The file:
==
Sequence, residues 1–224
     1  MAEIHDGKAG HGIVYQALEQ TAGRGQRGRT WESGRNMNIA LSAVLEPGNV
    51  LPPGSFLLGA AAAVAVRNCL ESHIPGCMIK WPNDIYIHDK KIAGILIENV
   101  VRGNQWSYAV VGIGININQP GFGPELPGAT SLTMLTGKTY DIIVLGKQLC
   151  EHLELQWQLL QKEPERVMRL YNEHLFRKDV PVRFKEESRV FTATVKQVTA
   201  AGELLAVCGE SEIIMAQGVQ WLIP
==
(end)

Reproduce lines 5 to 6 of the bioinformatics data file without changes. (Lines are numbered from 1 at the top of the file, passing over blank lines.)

   151  EHLELQWQLL QKEPERVMRL YNEHLFRKDV PVRFKEESRV FTATVKQVTA
   201  AGELLAVCGE SEIIMAQGVQ WLIP